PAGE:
Oh wait! Let me rephrase that: Fear the NSA you must! Run for the hills, don’t tell them nothing, pray to a better God than theirs and generally hope for the best. Why? What happen? Look. Read:
Yes, I know this all sounds bad, and it’s true, the NSA doesn’t have your best interest at heart when they spy on you. One should really develop at least a slight paranoia when living in the interwebz. Of course the NSA doesn’t like the freedoms we enjoy in GNU/Linux. The reasons are obviously that we are bad consumers, think for ourselves, are critical and altogether a tad too clever for their liking. So of course they are trying to infiltrate the Linux envvironment as well as the proprietary Windows/MacOS/Google/Facebook stuff. But …
When you read the article you’ll notice NSA was shut down by ISO and other entities, so relax. No, not really. When these guys have you in their sights they will do whatever to get to you. We’ve heard about NSA bullying developers and breaking agreements and behaving all around awful. But here’s a little breather for everybody: Maybe NSA noticed they aren’t as clever as we are and leave the hardcore Linux community alone. They found a new field of spyworthy tek, in the shape and form of the Internet of Things and Android. And it was of course a Google engineer who pushed for the incorporation of NSA’s codes. So no reason to be worried. Anybody using home automation systems and Android phones is stupid on a level that doesn’t even deserve our pity, right? Ain’t that right, Alexa?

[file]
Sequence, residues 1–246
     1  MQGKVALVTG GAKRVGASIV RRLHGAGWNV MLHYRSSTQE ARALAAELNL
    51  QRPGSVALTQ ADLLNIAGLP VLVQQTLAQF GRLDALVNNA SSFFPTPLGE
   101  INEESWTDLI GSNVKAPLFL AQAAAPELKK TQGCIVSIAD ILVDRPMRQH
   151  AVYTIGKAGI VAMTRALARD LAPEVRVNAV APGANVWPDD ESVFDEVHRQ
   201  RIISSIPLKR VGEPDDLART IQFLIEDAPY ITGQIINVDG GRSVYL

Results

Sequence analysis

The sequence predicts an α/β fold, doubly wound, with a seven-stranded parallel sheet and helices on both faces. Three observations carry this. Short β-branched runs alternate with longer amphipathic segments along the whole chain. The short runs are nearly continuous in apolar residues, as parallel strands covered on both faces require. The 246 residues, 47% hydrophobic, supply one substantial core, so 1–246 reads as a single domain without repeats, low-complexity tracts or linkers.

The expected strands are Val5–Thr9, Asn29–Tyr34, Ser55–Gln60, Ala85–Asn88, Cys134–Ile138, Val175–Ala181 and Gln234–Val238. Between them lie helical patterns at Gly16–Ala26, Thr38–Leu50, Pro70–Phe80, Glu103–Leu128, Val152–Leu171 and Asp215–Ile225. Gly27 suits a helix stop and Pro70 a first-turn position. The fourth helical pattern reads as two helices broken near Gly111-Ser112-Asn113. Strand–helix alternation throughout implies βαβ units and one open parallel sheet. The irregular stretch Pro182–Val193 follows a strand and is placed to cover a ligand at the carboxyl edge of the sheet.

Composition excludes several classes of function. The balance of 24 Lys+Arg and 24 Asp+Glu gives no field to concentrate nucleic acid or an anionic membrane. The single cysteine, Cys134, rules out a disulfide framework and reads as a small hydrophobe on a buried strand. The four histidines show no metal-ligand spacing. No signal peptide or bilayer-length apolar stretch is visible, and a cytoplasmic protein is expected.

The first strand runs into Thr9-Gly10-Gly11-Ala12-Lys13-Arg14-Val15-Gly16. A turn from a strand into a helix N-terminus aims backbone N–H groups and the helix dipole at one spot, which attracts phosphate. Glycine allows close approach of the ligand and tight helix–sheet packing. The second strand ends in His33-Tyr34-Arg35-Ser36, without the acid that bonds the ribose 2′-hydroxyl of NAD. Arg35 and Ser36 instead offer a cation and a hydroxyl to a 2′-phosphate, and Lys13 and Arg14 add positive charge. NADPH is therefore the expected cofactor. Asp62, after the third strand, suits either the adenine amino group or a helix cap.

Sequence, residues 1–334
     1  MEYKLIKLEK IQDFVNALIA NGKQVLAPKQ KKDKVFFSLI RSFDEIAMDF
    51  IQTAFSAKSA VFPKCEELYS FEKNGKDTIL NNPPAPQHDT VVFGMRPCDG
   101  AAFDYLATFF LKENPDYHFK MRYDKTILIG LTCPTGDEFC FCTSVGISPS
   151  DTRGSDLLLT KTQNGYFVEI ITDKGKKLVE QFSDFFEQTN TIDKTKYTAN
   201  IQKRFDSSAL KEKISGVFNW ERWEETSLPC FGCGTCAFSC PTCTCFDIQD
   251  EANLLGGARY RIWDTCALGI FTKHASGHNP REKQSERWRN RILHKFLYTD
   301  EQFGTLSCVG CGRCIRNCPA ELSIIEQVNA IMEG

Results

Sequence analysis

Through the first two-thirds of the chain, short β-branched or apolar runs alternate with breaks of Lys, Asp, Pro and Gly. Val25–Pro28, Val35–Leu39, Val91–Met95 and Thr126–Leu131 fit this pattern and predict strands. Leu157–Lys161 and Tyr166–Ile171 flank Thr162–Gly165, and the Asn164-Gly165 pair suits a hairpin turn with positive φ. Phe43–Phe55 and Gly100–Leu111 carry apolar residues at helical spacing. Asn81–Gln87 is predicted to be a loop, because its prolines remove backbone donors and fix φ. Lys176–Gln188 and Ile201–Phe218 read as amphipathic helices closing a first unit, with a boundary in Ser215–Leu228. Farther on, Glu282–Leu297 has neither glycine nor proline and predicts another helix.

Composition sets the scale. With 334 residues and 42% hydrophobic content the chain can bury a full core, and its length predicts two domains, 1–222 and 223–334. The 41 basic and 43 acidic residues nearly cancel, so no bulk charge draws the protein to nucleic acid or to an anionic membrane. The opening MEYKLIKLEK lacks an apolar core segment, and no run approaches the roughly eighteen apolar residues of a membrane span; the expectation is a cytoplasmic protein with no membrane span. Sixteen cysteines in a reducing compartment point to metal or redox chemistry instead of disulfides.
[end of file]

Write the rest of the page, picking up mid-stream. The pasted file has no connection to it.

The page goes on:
How to disable Speck from Linux Kernel [Advanced users only]
If you are an average Linux user with Ubuntu, Mint, Fedora and other non-rolling release distributions, chances are that you are not even using Kernel 4.17.
I don’t recommend it for everyone but if you are an advanced user who is habitual of messing with the kernel, check the Linux kernel version and if it uses Kernel 4.17, you may blacklist the Speck kernel module.
If it doesn’t exist already, create /etc/modprobe.d/blacklist.conf file and add the following lines to it:
And even better, if you’ve listened to Orca’s recomendations and run Mint, you’re still far away from Linux Kernel 4.17, which is the one containing NSA’s software. Ooopsy … Orcsibaby is already on it! 😮 But otoh it’s not as dangerous as one might think. The code lies dormant and is, as already mentioned, targeting IoT and Android once you activate it. So Orca won’t lose any sleep over this shit and still feels save and secure in Linux’ hands.
Without wanting to sound smug, this is another win for GNU/Linux vs WinApple systems. They get all that shit just smuggled into their OS, and no questions asked, while in Linux we have the advantage of an ever watchful and powerful community.
So, now excuse me please for one or two minutes while I kick the NSA off my system. Kthxbai xoxoxo